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Endocrine Abstracts (2018) 59 P158 | DOI: 10.1530/endoabs.59.P158

SFEBES2018 Poster Presentations Obesity & metabolism (24 abstracts)

Increased pro-inflammatory cytokine production in vitamin B12 deficient adipocytes

Jinous Samavat 1 , Antonysunil Adaikalakoteswari 1, , Joseph Boachie 1 & Ponnusamy Saravanan 1,


1University of Warwick, Coventry, UK; 2Nottingham Trent University, Nottingham, UK; 3George Eliot Hospital, Nuneaton, UK.

Vitamin B12 (B12) is an essential micronutrient required for optimal hematopoietic, neurologic and other several metabolic reactions. Longitudinal studies and animal models showed that low maternal vitamin B12 deficiency is associated with the maternal obesity, development of insulin resistance and metabolic syndrome phenotype suggesting the crucial role of B12 in adipose tissue function. Although the mechanisms underpinning metabolic disorders remain poorly defined, the pathophysiology of obesity-induced metabolic diseases has been strongly related to white adipose tissue dysfunction through several mechanisms such as fibrosis, apoptosis and inflammation. Therefore, the aim of this study is to investigate the role of B12 inflammation in human adipocytes. Human pre-adipocytes cell line (Chub-S7) and primary adipocytes were obtained from lean, obese and morbid obese patients, grown to confluence, differentiated for one week, maintained in nutrition media for next 7 days (day 14) and then used for further experimental analysis. In order to analyse B12 deficiency effects, customized media with different concentrations of B12 (25 pM, 100 pM, 1 nM, 500 nM) were used. Gene expression was performed by q-RTPCR. Chub-S7 and primary adipocytes cultured in low vitamin B12 conditions showed significantly increased gene expression of pro-inflammatory cytokines such as interleukin-1 (IL-1) interleukin-6 (IL-6), interleukin-8 (IL-8), interleukin-18 (IL-18), transforming growth factor beta (TGF-β), tumor necrosis factor alpha (TNF-α), monocyte chemoattractant protein-1 (MCP-1/CCL2). Our data highlights that low B12 in adipocytes induces higher gene expression and secretion of pro-inflammatory cytokines, which might lead to adipocyte dysfunction. This link between vitamin B12 deficiency and metabolic inflammation opens new insights into the pathogenesis of maternal obesity and the relevance of micronutrient supplementation for pregnant mothers.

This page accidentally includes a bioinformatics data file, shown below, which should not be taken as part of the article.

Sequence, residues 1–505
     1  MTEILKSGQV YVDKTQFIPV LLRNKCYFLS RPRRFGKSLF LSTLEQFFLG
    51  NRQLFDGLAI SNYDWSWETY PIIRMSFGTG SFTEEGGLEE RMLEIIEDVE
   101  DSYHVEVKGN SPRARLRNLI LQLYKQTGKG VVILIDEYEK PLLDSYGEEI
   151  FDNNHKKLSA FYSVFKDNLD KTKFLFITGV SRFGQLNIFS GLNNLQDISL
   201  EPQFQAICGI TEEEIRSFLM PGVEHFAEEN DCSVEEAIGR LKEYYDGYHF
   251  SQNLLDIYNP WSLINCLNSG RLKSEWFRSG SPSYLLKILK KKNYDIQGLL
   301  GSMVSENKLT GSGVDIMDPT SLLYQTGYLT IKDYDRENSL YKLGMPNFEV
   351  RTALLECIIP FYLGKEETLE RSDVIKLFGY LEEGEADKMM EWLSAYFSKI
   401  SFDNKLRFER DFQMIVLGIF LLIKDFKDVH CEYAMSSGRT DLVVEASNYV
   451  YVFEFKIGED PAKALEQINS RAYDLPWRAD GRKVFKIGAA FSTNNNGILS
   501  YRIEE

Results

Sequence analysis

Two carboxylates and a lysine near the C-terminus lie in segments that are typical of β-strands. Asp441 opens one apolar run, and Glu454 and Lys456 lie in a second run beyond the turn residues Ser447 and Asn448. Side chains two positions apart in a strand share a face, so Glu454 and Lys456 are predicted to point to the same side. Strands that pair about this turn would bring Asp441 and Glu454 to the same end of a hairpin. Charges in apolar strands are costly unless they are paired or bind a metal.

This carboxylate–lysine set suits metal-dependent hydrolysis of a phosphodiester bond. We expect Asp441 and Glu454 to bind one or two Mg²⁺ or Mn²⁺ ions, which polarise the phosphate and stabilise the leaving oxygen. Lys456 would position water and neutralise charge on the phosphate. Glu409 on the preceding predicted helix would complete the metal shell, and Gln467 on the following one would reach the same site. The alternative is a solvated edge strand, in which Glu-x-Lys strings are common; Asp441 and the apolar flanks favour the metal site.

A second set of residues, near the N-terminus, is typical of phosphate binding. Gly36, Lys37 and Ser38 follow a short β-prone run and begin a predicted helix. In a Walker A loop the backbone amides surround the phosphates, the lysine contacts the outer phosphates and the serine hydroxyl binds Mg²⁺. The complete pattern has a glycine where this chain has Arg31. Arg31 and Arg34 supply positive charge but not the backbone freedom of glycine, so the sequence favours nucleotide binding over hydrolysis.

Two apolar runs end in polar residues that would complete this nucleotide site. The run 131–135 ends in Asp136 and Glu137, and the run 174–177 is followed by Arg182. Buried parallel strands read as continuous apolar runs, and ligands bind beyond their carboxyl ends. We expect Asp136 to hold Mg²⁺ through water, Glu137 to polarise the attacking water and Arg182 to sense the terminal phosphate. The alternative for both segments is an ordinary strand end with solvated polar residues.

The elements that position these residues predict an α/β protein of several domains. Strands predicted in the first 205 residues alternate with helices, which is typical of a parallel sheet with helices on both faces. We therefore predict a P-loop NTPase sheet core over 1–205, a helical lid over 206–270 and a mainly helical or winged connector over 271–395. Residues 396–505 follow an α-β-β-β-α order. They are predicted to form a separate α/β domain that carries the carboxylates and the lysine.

Volume 59

Society for Endocrinology BES 2018

Glasgow, UK
19 Nov 2018 - 21 Nov 2018

Society for Endocrinology 

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